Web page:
The Republic of Ireland were one of the last Euro 2016 finalists to confirm their 23-man travelling party for the tournament in advance of Uefa's strict deadline, with manager Martin O'Neill waiting until after Tuesday's final experimental friendly against Belarus to inform the unlucky souls in person that they would not be going to France.
Any hopes that several fringe players would stake a late claim for selection were quashed by a surprising 2-1 defeat at Turners Cross Stadium in Cork that has further fuelled legitimate concerns over a chronic lack of depth.
Ireland's reputation is one of functionality and conservatism. Their squad, while not short on industry, graft and hard-working midfielders, is notably devoid of any intimidating attacking flair. That could prove fatal during a tricky group stage campaign that has pitted them against much-fancied Belgium, Italy and Sweden. It is also set to be the oldest team at the competition with an average player age of 29.
Captain Robbie Keane's eventual inclusion despite widespread concerns over a thigh injury was heralded as a real boost, but in reality the ageing Los Angeles Galaxy striker − who holds the distinction of being his country's record scorer with 67 goals in 143 appearances to date − should now be confined to a bit-part role from the bench.
Barring any late injury or unpopular omission by O'Neill, leading the line instead will be Southampton's Shane Long. The 29-year-old has arguably become one of Ireland's most influential players in recent times and his form is likely to prove essential in deciding whether or not they advance to the knockout stages for the first time at the third attempt.
Hailing from the small village of Gortnahoe in County Tipperary, Long was a gifted hurler in his youth and featured in two minor all-Ireland semi-finals before deciding to pursue his interest in football. He spent a short time at Cork City as a teenager, before following compatriot and more established forward Kevin Doyle to Reading in 2005 in a ridiculously cost-effective £92,000 package deal.
While Doyle made an immediate impact, Long mainly featured as a substitute as the record-breaking Royals clicked under Steve Coppell and romped to their maiden top-flight promotion while racking up 106 points. He would go on to net five times during a two-year stay in the Premier League but questions over his long-term progress were later raised after he started just three times during the doomed six-month reign of Brendan Rodgers.
Former chief scout Brian McDermott's appointment as manager eventually proved a catalyst for improvement and he enjoyed a breakout campaign in 2010/11, scoring 25 goals as Reading orchestrated another impressive post-Christmas run and reached the Championship play-off final. A 4-2 defeat to Swansea City at Wembley spelled the end of his six-year tenure in Berkshire and a £6.5m ($9.3m) switch to West Brom soon followed.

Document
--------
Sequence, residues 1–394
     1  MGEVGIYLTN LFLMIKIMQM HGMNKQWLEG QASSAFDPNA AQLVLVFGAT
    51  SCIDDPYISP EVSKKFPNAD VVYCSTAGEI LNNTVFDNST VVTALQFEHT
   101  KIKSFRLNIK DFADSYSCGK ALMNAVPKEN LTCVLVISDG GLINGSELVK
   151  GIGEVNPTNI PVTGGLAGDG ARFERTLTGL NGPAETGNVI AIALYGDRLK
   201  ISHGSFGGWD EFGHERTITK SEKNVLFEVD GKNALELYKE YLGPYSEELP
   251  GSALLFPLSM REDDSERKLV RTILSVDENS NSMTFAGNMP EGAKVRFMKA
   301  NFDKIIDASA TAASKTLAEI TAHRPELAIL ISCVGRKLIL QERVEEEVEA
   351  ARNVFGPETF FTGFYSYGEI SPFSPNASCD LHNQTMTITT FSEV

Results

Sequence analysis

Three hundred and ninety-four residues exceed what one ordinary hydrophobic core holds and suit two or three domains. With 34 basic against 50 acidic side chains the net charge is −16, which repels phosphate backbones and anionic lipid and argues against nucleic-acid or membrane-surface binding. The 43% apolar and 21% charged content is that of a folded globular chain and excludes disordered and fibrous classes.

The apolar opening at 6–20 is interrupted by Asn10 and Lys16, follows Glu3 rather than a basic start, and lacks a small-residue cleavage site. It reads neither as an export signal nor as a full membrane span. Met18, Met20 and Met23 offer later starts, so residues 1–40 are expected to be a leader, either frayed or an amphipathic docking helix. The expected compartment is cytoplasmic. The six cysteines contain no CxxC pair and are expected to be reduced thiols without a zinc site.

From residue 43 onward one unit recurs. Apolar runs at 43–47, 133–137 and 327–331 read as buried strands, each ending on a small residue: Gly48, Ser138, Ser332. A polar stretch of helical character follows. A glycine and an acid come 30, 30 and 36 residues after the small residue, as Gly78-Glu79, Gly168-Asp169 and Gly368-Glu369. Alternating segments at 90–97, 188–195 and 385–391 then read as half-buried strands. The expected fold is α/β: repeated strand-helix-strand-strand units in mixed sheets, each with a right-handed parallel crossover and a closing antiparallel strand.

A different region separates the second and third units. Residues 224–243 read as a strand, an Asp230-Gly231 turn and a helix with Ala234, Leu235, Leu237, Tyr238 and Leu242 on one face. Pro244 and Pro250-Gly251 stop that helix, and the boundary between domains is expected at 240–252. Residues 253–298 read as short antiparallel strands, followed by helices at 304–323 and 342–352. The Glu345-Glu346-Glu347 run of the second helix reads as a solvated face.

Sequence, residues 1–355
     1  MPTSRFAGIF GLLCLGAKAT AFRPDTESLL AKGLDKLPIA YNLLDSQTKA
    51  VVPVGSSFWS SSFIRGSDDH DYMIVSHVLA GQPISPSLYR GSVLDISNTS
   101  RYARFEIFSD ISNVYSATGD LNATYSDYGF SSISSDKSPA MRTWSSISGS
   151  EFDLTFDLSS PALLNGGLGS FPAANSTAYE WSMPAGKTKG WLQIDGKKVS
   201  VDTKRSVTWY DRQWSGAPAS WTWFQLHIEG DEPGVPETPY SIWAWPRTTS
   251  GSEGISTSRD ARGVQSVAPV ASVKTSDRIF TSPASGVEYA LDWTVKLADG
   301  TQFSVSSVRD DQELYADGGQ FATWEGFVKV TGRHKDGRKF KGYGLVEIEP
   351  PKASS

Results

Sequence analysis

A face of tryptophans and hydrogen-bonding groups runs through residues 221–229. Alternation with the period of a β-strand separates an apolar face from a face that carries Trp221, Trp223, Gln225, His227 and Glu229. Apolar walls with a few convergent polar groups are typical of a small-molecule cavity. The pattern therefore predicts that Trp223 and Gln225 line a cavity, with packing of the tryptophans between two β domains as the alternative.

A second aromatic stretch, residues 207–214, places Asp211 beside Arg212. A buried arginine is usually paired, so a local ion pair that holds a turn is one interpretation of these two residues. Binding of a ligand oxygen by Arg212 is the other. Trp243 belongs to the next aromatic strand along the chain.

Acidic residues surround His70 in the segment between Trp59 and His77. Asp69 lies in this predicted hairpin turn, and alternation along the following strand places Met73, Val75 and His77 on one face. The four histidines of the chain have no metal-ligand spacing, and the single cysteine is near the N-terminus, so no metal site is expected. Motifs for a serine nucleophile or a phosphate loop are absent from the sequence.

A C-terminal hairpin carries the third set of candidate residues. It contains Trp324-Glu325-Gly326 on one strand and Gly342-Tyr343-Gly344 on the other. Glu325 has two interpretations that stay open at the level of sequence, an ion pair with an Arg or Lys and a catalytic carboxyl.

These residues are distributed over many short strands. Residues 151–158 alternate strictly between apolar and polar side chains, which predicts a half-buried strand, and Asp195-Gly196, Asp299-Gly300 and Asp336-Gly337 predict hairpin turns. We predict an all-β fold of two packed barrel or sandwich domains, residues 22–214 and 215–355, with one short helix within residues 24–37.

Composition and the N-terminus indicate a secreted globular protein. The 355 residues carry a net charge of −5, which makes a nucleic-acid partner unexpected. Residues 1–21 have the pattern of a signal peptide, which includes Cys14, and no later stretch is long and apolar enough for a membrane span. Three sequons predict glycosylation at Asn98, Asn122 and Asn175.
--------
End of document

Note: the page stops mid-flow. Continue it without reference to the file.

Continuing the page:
Long, who has never been regarded as especially prolific, spent two-and-a-half seasons at The Hawthorns, chipping in with 22 goals during that time. A failure to agree a new contract contributed to a brief £7m pit stop at Hull, where he made just 15 appearances before a £12m switch to the south coast.
At the time of his arrival, Southampton had not long appointed Ronald Koeman following Mauricio Pochettino's defection to Tottenham Hotspur and were attempting to come to terms with a demoralising summer exodus that had seen Luke Shaw, Adam Lallana, Dejan Lovren, Calum Chambers and Rickie Lambert all depart. Many were shocked that Hull had managed to generate such a handsome profit in only seven months and questions were raised over his general suitability.
Those concerns were not totally extinguished during an indifferent first year with the Saints, but he is now coming off his best top-flight season. As well as leading to rumours over a bumper new contract designed to fend off mounting interest from Liverpool and Tottenham, Long's 10-goal haul in 2015/16 helped Koeman's side to record their highest-ever Premier League finish (sixth) and also booked a place in the Europa League.
An endlessly determined striker revered more for his insatiable work ethic, speed and surprising strength, more than his potency in front of goal, Long made his senior international debut against minnows San Marino in 2007 and has since earned 62 caps despite not always seeing eye-to-eye with O'Neill's predecessor Giovanni Trapattoni. He endured a frustrating time at Euro 2012, seemingly stuck behind Keane, Doyle, Jonathan Walters and even Simon Cox in a controversial pecking order as Ireland notched just once en route to an early exit.
Both Keane and Walters scored more frequently in qualifying for the latest European Championships, yet Long can boast the most memorable moment of the campaign when he collected a searching ball from goalkeeper Darren Randolph and sped past three defenders before confidently lashing past Manuel Neuer to secure a shock defeat of world champions Germany. A subsequent defeat to Poland ended their hopes of an automatic spot, but they eventually qualified by virtue of a 3-1 aggregate play-off victory over Bosnia-Herzegovina.
Similar heroics will be required if a limited side are to make their mark in France.